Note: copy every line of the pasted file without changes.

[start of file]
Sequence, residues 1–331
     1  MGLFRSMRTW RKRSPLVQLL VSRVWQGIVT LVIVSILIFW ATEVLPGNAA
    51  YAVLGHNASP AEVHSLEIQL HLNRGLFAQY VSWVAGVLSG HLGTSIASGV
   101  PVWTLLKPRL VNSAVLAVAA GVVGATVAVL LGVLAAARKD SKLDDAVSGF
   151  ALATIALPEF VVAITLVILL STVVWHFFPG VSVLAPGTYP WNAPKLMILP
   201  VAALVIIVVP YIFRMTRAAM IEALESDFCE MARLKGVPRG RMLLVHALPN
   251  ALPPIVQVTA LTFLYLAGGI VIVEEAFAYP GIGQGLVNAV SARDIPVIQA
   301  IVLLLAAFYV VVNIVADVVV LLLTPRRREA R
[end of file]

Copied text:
Sequence, residues 1–331
     1  MGLFRSMRTW RKRSPLVQLL VSRVWQGIVT LVIVSILIFW ATEVLPGNAA
    51  YAVLGHNASP AEVHSLEIQL HLNRGLFAQY VSWVAGVLSG HLGTSIASGV
   101  PVWTLLKPRL VNSAVLAVAA GVVGATVAVL LGVLAAARKD SKLDDAVSGF
   151  ALATIALPEF VVAITLVILL STVVWHFFPG VSVLAPGTYP WNAPKLMILP
   201  VAALVIIVVP YIFRMTRAAM IEALESDFCE MARLKGVPRG RMLLVHALPN
   251  ALPPIVQVTA LTFLYLAGGI VIVEEAFAYP GIGQGLVNAV SARDIPVIQA
   301  IVLLLAAFYV VVNIVADVVV LLLTPRRREA R